Size and Shape of a Perennial Meadow within a garden’s design.

In my previous post about the difference between flower borders and naturaltistic perennial meadows, the first was described as a picture to be view and admired from outside while the other, the naturalistic planting scheme, was designed to be entered and experienced from within. How then can we place a perennial meadow within a garden’s overall design?

The shape can be anything and will be determined by the setting. Near to buildings the meadow may well fit in best as a regular straight sided block or strip. However, a circle or any free form my just as easily be used depending upon the way the space will be viewed and used. The more important consideration is devising a way to allow people to enter and become involved with the planting. One approach is to create a grid of square shaped beds separated by straight paths. Personally, I favor a more asymmetrical arrangement of different sized planting areas, but everything must ultimately depend upon the setting and the preferences of the people who will be using the garden.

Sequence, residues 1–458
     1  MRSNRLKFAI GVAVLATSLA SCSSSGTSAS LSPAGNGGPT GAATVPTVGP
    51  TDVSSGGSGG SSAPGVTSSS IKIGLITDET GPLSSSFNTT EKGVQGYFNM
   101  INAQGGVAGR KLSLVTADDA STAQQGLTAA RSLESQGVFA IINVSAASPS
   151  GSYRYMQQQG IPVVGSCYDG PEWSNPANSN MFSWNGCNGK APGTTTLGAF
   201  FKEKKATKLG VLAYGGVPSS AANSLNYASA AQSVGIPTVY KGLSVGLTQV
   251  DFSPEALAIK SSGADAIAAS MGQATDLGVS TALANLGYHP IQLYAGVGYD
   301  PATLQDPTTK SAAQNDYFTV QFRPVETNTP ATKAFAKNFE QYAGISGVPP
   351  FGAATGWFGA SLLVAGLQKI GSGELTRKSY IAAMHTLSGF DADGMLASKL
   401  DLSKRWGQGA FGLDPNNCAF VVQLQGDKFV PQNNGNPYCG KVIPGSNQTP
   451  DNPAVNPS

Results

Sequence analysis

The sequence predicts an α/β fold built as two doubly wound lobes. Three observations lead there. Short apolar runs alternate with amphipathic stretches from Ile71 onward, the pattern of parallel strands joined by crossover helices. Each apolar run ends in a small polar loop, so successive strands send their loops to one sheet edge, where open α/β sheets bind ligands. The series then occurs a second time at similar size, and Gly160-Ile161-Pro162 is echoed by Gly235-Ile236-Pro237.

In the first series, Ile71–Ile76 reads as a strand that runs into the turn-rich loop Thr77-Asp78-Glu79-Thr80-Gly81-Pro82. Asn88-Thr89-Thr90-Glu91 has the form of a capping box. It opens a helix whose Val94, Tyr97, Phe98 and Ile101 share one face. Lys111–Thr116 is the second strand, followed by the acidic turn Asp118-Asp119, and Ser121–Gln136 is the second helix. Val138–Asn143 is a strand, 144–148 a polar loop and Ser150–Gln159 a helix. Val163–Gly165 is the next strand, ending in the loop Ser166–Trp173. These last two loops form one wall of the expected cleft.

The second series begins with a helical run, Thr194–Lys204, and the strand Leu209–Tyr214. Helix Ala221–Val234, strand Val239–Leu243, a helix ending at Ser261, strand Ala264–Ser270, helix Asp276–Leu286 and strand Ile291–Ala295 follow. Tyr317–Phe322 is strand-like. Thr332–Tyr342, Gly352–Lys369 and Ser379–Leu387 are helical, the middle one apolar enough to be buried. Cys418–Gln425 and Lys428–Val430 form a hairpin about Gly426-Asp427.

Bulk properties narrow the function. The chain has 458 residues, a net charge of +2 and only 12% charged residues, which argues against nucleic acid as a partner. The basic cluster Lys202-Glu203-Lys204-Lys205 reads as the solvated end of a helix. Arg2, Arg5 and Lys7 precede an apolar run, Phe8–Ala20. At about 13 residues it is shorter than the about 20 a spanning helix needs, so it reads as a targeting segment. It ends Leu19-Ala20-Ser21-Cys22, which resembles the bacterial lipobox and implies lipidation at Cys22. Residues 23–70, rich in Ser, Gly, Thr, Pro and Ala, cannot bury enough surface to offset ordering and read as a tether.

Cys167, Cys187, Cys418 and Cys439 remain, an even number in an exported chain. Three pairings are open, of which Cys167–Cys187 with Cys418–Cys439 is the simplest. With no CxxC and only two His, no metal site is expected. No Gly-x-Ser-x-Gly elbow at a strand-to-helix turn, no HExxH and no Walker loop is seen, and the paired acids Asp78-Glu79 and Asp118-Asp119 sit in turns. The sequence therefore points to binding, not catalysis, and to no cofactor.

Also consider how each segment of the meadow will be planted. Each planting area could use the same planting scheme so as to create one uniform meadow crossed by paths; but there are alternatives. One bed could be planted with a low-growing scheme to create an opening within the design, while an adjacent bed could have a different, taller growing scheme for contrast or, maybe, be filled with just one single species such as a tall or a low growing grass.

With a little fantasy, a maze like space can be created to entice and lead visitors deeper into the heart of the meadow.

This entry was posted in Meadows 101 and tagged , . Bookmark the permalink.